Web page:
The Book of Five Rings (Go Rin No Sho) "IS" a great book, if you take time to properly absorb and understand ALL of its teachings. It's not a very long book and so would be easy to read a few times over so that you get a proper flavour of the important message being presented.

A better and easier to digest version (IMHO) of this small book is "Samurai Strategies: 42 Martial Secrets" by by Boye De Lafayette Mente, who very cleverly summarises this book into 42 easy to digest and understand and apply chapters.

The ideas in this book are NOT dangerous to anyone in the least, IF you balance and apply ALL of the lessons within it - that's the idea that the great undefeated warrior Musashi was trying to put across. The life saving principles he expounds here are designed to help us all have a better, easier and more fulfilled life, Martial Artist or not. His strategies can be applied and used by anyone.

"A knife is dangerous for anyone - you just have to learn how to use is safely & intelligently"

We are all so lucky & truly blessed that, nearly 400 years ago, someone called Lord Hosokawa had the foresight to ask the ageing Musashi to write down his secrets of success. Musashi himself was not only extremely talented but must have been a very intelligent man for his time to write such a treatise.

The comment about this book not being for for beginners is misleading I think, it isn't that hard to understand and extrapolate the true meaning and intentions that Musashi was trying to put across.

I do believe William Scott Wilson's translation has to be one of the best of the various ones available. Although there are cheaper copies of this particular translation available, so look around for Willam's name. However, this hardback version uses a very pleasing typescript that is easy one the eye.

Don't be put off by ANY of the negative criticisms below, it's only because they've missed the point or just quickly scanned & glossed over the book.

Although we are not entirely certain of Musashi's religious bent, Musashi bases his book [loosely] on the Zen Buddhist philosophies of the Five Elements - Earth, Water, Fire, Wind & Emptiness. One of his close associates was Takuan Soho, author of "The Unfettered Mind"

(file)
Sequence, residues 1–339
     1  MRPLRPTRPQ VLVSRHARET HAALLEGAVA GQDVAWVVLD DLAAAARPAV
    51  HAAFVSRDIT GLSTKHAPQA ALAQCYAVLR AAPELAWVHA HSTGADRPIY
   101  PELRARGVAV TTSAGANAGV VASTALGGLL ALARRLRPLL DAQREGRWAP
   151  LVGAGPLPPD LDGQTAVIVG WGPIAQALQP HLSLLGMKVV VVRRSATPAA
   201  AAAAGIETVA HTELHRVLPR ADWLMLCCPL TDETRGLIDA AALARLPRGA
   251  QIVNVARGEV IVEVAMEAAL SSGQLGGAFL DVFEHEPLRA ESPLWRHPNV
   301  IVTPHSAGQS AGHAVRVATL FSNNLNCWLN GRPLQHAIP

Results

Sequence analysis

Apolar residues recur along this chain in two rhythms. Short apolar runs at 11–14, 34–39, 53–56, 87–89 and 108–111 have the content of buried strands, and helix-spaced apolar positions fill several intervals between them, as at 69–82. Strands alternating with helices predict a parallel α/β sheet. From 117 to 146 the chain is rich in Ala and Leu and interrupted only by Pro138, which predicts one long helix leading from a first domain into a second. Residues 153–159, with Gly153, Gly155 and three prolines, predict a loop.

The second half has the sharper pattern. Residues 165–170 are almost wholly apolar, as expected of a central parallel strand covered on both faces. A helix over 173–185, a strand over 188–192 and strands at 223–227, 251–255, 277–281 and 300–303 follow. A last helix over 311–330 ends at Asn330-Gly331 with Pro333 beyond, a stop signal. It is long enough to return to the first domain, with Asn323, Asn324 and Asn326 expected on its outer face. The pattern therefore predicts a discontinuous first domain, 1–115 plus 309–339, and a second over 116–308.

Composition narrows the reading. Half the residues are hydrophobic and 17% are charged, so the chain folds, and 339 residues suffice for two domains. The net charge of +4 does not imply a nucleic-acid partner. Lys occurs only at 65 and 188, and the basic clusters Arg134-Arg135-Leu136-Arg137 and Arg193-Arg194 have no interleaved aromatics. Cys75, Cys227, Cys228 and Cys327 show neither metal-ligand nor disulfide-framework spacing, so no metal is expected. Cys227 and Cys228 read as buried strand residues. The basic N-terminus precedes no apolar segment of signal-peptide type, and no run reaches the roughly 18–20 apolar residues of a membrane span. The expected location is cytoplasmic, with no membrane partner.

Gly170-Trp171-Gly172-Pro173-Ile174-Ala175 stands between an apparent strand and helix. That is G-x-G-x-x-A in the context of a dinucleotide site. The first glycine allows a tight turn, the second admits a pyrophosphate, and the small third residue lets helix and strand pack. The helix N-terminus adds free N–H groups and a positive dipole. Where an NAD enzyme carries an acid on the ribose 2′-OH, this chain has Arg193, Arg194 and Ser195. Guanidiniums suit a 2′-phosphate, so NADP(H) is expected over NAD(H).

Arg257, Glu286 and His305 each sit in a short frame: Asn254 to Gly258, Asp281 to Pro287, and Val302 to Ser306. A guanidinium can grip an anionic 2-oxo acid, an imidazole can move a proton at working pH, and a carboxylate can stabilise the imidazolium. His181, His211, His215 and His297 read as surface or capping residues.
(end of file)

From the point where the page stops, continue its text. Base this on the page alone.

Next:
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on 21 September 2006
I first borrowed this book from my Sensei about ten years ago and his copy was an old copy (hardback tenth printing 1970's) and it fascinated me. It is a philosophical book, written by Miyamoto Musashi, one of the most feared Samurai of his time. This undefeated warrior who killed his first man when he was just 12 years old shares his thoughts and feelings in great depth on the strategy of not only martial arts and kendo but on the strategy of life. The lessons in this book can be used not only in every day life but taken to a business perspecive. I would say of all the martial arts books I have came across this one has the most meaning for me. I would also recommend trying to get an older copy as there are slight variations in the newer texts and some paintings Musashi did are omited but start with a new one if its all you can get. This book is deep and not an easy read unless you have time and a real passion for the Martial arts but anyone who starts it will never forget it.

" If there is a way involving the spirit of not being defeated, to help oneself and gain honour, it is the way of strategy."
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William Scott Wilson's translation of Miyamoto Musashi's 17th-century classic work of personal philosophy is in every way excellent, and captures the spirit as well as the meaning of the text to perfection. This small (not quite pocket-size but close) hardcover edition is also a very pleasing artefact and a quality piece of work.

Musashi's work focuses on practicing the `martial arts' - particularly swordsmanship - not from the perspective of learning technique but from internal spiritual development; the ascendancy of `mind' to which all technique must ultimately become subservient.

The `five rings' are in fact five chapters themed:

1. Earth (the South)

2. Water (the East)

3. Fire (the West)

4. Wind (the North)

5. Emptiness (the Center: all action and response is most effective when preceded by emptiness - i.e. no internal noise, no preconceptions; "this must be learned")

Each themed chapter incorporates short paragraphs explaining a specific aspect of how to win a contest or fight. For example, in the `Fire' ring, on `Imposing Fear:'